‘Pretty things’ from trash

Published 3:47 pm Monday, April 5, 2010

We’ve all heard the adage ‘one man’s trash is another man’s treasure,’ but rarely can one man actually collect trash, and craft something that can truly be treasured.

“I have the joy and privilege to create what I think are pretty things out of trash,” said Chris Beck a former carpenter turned sculptor.

Beck isn’t the only one who finds beauty in his creations. The committee in charge of selecting the worthy artists to fill booths at TroyFest, seem to think so too.

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“When I get accepted to a jury-show, it’s like hitting the lottery,” Beck said humbly.

That’s just the gig the scrap-sculptor won after sending in samples of his work to TroyFest organizer Stephanie Baker.

“Chris represents what TroyFest 2010 is all about,” Baker said, “bringing art and people together in downtown Troy, particularly with this being the reunion year.”

Beck, the son of former Troy obstetrician Dr. Terry Beck, still calls Pike County home and he said he looks forward to returning. The homecoming will rejuvenate memories of his late father, whom Beck said wholeheartedly supported his endeavors as an artist even though they may have conflicted with his analytical philosophies.

“For him to put his hand on my shoulder and tell me he was proud of me meant so much,” Beck said. “I really have precious memories of Troy and I’m looking forward to visiting them.”

Of course Beck will not be coming home empty-handed, he’ll bring with him an array of metalwork welded with fire, ingenuity and vision.

“It’s metal sculpture,” he said, “it’s very bizarre.”

Beck’s journey in becoming a creator of these pieces was likewise inspirational and unusual.

Not long ago, he and his wife Susan developed an affinity for art that resisted the mainstream.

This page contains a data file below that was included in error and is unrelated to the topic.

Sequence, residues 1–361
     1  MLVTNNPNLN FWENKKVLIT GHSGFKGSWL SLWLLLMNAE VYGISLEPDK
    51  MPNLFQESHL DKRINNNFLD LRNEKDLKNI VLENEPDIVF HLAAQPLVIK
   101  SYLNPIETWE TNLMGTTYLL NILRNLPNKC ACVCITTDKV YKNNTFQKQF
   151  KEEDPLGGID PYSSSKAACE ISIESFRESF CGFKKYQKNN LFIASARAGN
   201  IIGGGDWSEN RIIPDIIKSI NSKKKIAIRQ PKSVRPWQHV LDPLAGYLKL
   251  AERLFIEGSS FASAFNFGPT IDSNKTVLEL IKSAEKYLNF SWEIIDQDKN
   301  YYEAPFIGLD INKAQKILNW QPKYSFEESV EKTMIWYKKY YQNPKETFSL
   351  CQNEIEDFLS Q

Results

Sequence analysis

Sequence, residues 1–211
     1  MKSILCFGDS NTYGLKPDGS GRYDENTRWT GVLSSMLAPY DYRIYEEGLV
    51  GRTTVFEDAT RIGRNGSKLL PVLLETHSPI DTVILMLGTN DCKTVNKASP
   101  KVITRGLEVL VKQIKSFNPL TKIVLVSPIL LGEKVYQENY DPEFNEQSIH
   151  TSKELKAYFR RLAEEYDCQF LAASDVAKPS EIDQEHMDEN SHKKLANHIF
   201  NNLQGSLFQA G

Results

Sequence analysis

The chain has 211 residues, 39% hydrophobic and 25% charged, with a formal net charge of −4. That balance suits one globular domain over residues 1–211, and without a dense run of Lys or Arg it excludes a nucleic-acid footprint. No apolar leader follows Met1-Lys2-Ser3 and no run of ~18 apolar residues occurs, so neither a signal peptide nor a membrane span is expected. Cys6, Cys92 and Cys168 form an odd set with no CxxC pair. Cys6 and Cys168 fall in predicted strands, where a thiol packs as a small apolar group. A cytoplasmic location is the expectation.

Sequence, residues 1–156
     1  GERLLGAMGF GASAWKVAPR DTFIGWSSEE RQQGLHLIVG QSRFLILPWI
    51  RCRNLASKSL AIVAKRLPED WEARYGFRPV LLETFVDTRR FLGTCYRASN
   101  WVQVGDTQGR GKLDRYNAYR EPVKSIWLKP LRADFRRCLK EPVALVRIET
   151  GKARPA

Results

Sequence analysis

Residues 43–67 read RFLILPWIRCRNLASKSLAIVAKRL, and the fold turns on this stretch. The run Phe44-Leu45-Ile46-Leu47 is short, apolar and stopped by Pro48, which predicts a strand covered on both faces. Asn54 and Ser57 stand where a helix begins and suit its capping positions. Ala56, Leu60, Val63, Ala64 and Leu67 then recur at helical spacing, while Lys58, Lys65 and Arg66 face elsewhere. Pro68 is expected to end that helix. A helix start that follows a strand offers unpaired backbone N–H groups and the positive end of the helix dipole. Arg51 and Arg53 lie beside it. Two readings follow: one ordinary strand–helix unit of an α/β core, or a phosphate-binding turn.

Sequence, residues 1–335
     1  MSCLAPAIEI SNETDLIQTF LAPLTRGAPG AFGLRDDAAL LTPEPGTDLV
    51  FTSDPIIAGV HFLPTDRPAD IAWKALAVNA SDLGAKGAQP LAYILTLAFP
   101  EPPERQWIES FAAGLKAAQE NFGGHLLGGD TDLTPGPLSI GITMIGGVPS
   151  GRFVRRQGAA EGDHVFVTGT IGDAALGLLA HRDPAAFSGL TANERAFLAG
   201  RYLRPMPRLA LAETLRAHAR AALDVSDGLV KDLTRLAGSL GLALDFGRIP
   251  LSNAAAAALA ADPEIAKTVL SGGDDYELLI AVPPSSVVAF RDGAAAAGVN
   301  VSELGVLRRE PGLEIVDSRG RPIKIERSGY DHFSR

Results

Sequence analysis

“My wife and I started collecting art from un-famed artists who didn’t have classic training,” he said.

He was like a connoisseur of vegetables with a green thumb at a farmers market. The more pieces he bought, the more he developed an inner-urge to create.

Beck had to grow his own garden-a garden of steel and tin.

“Around August of 2006, I started bringing home trash, like an old tire rim or some other scrap metal,” he said.

The scavenged goods would be deposited in a small, fenced-in space behind his old home in Atlanta.

“By the end of December that year, you couldn’t get in the back yard there was so much metal.”

“My wife told me, ‘I love you, but this has to stop’.”

Determined to feed his passion, Beck purchased a second hand welder for $50.

After he made his first piece, his wife asked if he planned on making more.

“Well yeah,” Beck said.

“We need to get more metal,” Susan replied.

And the welding torch got hotter.

Today, enough people value his work that Beck has become a full-time sculptor. Ever modest, Beck maintains a down-to-earth outlook on the demand for his “twisted” metal.

“I’m continually surprised, it’s very intimate, it’s very personal,” he said. “It’s so awesome that someone thinks that much (of my work).”

Beck will be one of the talented artists featured at TroyFest this year on April 24-25. Until then, see more of his work at www.cebstuff.com.